Jan Freedman, curator of natural history at The Box — a museum in Plymouth — was walking with his family at the Venford Reservoir in Dartmoor when his 8-year-old son spotted the gory corpse, he told Live Science in an email.
In a photo of the remains, which Freedman shared in a tweet on March 24, the toad's glasslike intestines spill onto the ground, and the peeled skin of its underside — still attached below the jaw — stretches over its back. [Beastly Feasts: Amazing Photos of Animals and Their Prey]
"The head was the only part that wasn't turned inside out, so we could see it was a common toad (Bufo bufo)," Freedman said. "We have seen plenty of toads in our garden and at other spots on Dartmoor, but nothing like this." Freedman wrote in the tweet that he suspected this was the work of a predator — but what kind of predator was it?
Freedman hoped that biologists on Twitter could explain the toad's intriguing (and gory) state, and they did not disappoint. One of the responders, Jack Ashby, a museum manager at the University Museum of Zoology in Cambridge, initially thought that the frog had been pulled apart by a crow, "as this is something that Australian crows do to invasive toxic cane toads."
In Australia, crows have learned to sidestep toxic glands in the toads' heads and backs by flipping the toads over and slicing into the skin of their bellies to devour their insides, a behavior that was documented in 2018 by photographer Steve Wilson.
"European toads also have toxin glands in their skin, so it's not surprising that a predator would remove it," Ashby told Live Science in an email. In the photo of the inside-out toad, its flesh appeared to have been delicately removed, "which one might expect to be more easily done with a nimble beak," he added.
The jaws that bite, the claws that catch
However, there's another predator known for adroitly stripping toxic toads of their skin — the European otter (Lutra lutra). Though these otters are primarily fish eaters, they are also known for eating mammals, birds and amphibians, Amy Schwartz, a researcher and doctoral candidate with the School of Biosciences at Cardiff University in the U.K., told Live Science in an email.
Toads are often on the menu for otters in spring, when large numbers of the amphibians gather in ponds to breed, Schwartz explained. She suspected that an otter had skinned the toad in the photo because she had previously seen similar evidence: at a pond in Pembrokeshire — "in an area full of otters" — where multiple toad skins floated on the surface of the water.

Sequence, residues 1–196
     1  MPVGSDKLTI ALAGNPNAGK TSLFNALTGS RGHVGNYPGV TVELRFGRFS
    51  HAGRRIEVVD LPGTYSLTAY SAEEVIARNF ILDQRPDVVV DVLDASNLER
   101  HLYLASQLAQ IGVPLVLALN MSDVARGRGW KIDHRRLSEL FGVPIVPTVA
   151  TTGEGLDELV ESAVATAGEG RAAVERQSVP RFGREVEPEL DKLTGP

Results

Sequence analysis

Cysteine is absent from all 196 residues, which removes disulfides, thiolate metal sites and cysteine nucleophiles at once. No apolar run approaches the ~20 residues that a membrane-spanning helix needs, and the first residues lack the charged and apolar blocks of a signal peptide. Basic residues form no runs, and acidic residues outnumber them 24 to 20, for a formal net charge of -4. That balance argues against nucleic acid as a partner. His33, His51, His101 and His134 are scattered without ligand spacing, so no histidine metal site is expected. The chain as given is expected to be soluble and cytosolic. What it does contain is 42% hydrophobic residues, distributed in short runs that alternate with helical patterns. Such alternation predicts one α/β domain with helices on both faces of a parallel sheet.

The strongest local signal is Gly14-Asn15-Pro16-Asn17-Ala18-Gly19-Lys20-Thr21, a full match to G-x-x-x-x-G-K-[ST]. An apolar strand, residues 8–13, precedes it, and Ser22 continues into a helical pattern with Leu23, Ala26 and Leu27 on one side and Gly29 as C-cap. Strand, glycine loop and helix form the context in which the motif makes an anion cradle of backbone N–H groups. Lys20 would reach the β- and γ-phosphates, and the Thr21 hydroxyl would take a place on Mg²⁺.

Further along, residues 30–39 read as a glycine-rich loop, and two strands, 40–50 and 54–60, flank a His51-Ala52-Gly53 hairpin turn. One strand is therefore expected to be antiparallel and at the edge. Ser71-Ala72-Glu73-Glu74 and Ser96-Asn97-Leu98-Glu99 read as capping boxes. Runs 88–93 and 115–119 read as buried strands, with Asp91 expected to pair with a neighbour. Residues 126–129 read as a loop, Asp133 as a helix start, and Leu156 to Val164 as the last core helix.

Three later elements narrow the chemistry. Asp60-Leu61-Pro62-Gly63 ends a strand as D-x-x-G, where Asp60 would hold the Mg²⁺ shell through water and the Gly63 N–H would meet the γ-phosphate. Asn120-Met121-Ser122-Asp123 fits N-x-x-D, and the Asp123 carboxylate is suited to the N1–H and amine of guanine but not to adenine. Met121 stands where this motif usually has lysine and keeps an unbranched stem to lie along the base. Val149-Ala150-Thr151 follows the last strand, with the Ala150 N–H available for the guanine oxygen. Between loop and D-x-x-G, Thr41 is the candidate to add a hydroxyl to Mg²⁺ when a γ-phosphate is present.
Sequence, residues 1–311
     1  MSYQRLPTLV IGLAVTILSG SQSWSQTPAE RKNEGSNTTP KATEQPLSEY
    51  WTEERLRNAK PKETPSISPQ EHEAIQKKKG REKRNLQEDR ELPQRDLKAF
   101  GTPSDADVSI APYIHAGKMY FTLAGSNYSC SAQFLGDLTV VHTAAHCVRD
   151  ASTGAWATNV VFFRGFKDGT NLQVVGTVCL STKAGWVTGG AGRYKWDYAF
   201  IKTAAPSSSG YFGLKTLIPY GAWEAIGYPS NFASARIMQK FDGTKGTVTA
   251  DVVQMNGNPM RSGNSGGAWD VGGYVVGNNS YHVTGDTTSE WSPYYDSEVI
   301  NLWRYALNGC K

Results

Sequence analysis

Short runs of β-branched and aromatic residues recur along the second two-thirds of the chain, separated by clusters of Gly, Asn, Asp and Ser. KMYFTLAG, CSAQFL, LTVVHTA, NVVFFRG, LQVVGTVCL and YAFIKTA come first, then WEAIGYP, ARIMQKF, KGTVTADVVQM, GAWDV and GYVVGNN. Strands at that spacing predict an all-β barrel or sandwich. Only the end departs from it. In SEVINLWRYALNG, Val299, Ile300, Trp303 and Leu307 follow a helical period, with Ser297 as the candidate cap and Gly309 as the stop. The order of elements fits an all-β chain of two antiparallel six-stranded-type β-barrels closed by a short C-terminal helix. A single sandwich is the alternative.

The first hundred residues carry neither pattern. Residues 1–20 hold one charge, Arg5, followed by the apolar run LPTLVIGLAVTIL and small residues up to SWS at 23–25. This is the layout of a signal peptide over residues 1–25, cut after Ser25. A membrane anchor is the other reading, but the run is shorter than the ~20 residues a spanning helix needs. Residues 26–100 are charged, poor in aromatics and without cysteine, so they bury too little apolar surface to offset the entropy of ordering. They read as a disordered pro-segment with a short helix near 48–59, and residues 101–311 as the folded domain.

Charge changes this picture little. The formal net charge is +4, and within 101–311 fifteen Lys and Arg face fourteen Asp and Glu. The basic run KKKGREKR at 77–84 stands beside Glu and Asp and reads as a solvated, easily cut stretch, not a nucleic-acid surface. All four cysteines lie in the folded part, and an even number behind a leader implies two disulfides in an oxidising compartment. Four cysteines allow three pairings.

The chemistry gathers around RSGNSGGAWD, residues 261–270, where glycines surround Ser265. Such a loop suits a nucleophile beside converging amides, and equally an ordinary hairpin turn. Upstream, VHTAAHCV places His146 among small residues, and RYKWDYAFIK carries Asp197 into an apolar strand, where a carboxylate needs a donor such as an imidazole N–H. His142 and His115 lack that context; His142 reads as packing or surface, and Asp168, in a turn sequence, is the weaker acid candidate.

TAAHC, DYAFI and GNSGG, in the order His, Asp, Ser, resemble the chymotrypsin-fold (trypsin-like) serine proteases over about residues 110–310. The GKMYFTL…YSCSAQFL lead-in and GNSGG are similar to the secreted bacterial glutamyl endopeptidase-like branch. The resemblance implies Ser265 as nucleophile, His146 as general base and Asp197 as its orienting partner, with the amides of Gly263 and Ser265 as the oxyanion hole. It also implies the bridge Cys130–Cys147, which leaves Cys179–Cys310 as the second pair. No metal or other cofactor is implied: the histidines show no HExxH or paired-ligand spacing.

After closely examining the image, Ashby also concluded that the predator was probably an otter. Many of the muscles and bones of the leg and spine were missing, which hinted that the toad had been attacked by a mammal — "something large enough to chew up whole toad legs," he said.
The detail that cinched it for Ashby was the empty skin that once held the toad's foot, which must have been yanked from the skin by a predator strong enough to remove the entire leg — "muscle, bone, tendons and ligaments" — in one piece.
"This requires a serious amount of force, presumably by an animal holding the carcass in its paws and pulling the leg out of its skin by its teeth," Ashby said. "It’s a lot easier to imagine an otter doing this" than a bird.
And as it happens, toad skin is surprisingly easy to remove, as it is only very loosely attached to the animal's body, Ashby said.
"The only places it is attached firmly is around the hands and feet, and the skull," he said. "If you're not worried about keeping the skin in one piece, it can be pulled off like a pair of leggings and a skin-tight shirt after snipping around the 'waist.'"
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Originally published on Live Science.
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Mindy Weisberger is an editor at Scholastic and a former Live Science channel editor and senior writer. She has reported on general science, covering climate change, paleontology, biology, and space. Mindy studied film at Columbia University; prior to Live Science she produced, wrote and directed media for the American Museum of Natural History in New York City. Her videos about dinosaurs, astrophysics, biodiversity and evolution appear in museums and science centers worldwide, earning awards such as the CINE Golden Eagle and the Communicator Award of Excellence. Her writing has also appeared in Scientific American, The Washington Post and How It Works Magazine.